Southwest egg rolls are addictive. Wrap some ooey gooey Mexican filling in flaky, crunchy egg roll wrap, and you get a treat that is really hard to walk away from. Serve them as a party treat, an appetizer, a side dish, or make them the star of the meal. Southwest egg rolls are delicious and versatile enough to deliver however you have them.
I used to be afraid of making egg rolls. They are one of my favorite guilty pleasures, but I used to think they were much too difficult to prepare at home. I had nightmare visions of a disaster in the fryer, as my unskilled attempts to roll a perfectly sealed egg roll went south, and the filling escaped the wrap into the hot grease. But my friend Kim Nguyen had some of us over to her house a few years ago, and taught us how to roll Vietnamese egg rolls (I LOVE Vietnamese egg rolls!!!!!). And it was not hard at all! I was hooked!
Of course, Chili’s (the restaurant chain) is famous for their southwest egg rolls. And many recipes follow their lead, using flour tortillas for the wrap. But I like a traditional egg roll wrap much better. I find it lighter and crispier. It also makes for a smaller roll, which I prefer. It makes me feel like I’m getting fewer carbs, a flakier crunch experience, and the thinner wrap absorbs less frying oil than the thicker tortilla. At least, that’s what I tell myself.
So hey! If you love southwest egg rolls and and have been scared away from making them because you thought they would be too difficult, this is the recipe for you!
Let’s Make Some Southwest Egg Rolls
The Whole Foods in downtown Austin , TX makes a delicious southwest egg roll. But the ones I had there were vegetarian. I like to improve the glycemic index of my meals by adding protein and fiber whenever I can. For the protein, I went with turkey instead of chicken. I’ve been substituting turkey a lot lately. Must be a phase.
And as I said, egg roll wraps instead of flour tortillas.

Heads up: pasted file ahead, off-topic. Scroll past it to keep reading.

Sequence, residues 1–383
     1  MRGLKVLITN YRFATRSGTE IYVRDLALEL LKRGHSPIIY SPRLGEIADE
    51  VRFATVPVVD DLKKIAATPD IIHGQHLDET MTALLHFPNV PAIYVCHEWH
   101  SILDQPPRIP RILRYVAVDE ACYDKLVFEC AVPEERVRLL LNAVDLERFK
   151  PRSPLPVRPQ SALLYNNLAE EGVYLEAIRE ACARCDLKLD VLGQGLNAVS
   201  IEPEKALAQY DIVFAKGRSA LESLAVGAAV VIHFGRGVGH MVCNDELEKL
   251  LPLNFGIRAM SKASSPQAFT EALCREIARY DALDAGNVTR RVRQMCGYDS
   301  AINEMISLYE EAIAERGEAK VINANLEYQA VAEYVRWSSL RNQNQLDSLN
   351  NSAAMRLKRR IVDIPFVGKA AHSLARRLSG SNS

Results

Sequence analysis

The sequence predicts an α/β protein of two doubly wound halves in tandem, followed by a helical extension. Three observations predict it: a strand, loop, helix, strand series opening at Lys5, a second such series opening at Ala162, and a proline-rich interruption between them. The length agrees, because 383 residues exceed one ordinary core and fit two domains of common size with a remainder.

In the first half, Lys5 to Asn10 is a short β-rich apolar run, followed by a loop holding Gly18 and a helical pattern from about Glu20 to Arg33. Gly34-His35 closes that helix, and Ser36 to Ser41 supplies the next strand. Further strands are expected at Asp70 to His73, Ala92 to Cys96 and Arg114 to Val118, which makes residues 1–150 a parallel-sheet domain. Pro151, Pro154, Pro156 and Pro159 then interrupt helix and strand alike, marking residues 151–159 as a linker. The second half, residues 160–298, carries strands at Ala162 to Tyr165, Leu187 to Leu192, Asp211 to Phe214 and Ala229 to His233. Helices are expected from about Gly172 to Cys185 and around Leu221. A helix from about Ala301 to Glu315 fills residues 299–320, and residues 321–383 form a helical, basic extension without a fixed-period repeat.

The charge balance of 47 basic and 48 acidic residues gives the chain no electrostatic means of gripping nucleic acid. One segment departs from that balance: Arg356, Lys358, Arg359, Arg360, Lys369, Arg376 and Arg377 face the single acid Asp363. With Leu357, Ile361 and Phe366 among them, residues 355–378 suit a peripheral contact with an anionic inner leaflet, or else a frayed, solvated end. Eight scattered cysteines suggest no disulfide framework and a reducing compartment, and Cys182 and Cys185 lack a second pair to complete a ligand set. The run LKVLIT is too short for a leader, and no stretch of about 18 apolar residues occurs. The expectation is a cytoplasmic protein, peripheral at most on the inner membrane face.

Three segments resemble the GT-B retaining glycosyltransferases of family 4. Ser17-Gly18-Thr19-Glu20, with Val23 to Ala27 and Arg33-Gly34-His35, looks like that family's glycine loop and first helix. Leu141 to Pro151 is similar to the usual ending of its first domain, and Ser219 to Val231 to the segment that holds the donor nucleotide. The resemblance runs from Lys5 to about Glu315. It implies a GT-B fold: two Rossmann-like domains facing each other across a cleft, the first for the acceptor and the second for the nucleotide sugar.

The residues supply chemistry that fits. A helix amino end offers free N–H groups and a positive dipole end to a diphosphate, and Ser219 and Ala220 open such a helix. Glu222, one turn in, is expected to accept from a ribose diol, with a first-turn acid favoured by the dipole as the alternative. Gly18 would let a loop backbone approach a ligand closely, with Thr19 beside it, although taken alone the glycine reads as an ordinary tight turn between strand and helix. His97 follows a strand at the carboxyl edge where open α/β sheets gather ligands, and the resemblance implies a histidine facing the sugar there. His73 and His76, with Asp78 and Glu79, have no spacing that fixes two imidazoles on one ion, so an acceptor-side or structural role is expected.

As with most foods that have some kind of pastry with a cooked filling, cook the filling first so that it has time to cool.
Start with the turkey, onion, and garlic in a little olive oil. Cook until the turkey is no longer pink on the outside.
Then add the corn, black beans, red pepper, and jalapeño. Stir and cook just until the peppers are somewhat softened.
Then stir in the seasonings. There will be some juices in the bottom of the pan. Stir and cook until the juices are reduced to about 1/4.
Turn off the burner and remove the pan to allow it to cool.
When the mixture is barely lukewarm, add the herbs and the cheese. Stir to distribute everything well.
It’s now time to assemble your egg rolls.
On a clean, flat work surface, lay one egg roll wrap with a corner pointed towards you.
Add 2 tablespoons of the filling into the wrap. I like to do it so that the top edge of the filling is even with the middle and the majority of the filling lies below the center.
Then dip your finger in a water bowl and wipe a wet trail around the inside edges of the wrap. When instructing us Kim had us use beer instead of water, explaining that the alcohol would better retain the flaky crunch of the fried wrap. If you want to use beer instead of water, go for it!
Next, fold the corner closest to you over the filling and pinch it down and back with the ball of you finger to make a snug tube. Be careful not to rip the wrap, but the rolled filling needs to be held pretty snugly when the egg roll is fully wrapped.
Then fold the sides over the little tube of filling so that you have something that looks a little like an envelope. Press down along the top edge of the filling to maintain the tube shape.